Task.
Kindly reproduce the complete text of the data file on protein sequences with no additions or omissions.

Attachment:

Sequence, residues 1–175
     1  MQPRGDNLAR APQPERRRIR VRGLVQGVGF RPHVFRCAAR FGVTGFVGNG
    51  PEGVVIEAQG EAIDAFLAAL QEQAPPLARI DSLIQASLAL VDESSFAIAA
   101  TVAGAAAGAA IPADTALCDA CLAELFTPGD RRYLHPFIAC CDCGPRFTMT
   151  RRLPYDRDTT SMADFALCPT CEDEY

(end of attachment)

Sequence, residues 1–175
     1  MQPRGDNLAR APQPERRRIR VRGLVQGVGF RPHVFRCAAR FGVTGFVGNG
    51  PEGVVIEAQG EAIDAFLAAL QEQAPPLARI DSLIQASLAL VDESSFAIAA
   101  TVAGAAAGAA IPADTALCDA CLAELFTPGD RRYLHPFIAC CDCGPRFTMT
   151  RRLPYDRDTT SMADFALCPT CEDEY